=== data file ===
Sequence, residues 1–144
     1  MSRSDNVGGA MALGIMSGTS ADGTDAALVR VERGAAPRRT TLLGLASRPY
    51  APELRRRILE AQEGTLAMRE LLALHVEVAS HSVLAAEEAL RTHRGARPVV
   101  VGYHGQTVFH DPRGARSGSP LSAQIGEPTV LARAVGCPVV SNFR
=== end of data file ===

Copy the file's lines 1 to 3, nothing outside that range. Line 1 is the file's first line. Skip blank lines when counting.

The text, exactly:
Sequence, residues 1–144
     1  MSRSDNVGGA MALGIMSGTS ADGTDAALVR VERGAAPRRT TLLGLASRPY
    51  APELRRRILE AQEGTLAMRE LLALHVEVAS HSVLAAEEAL RTHRGARPVV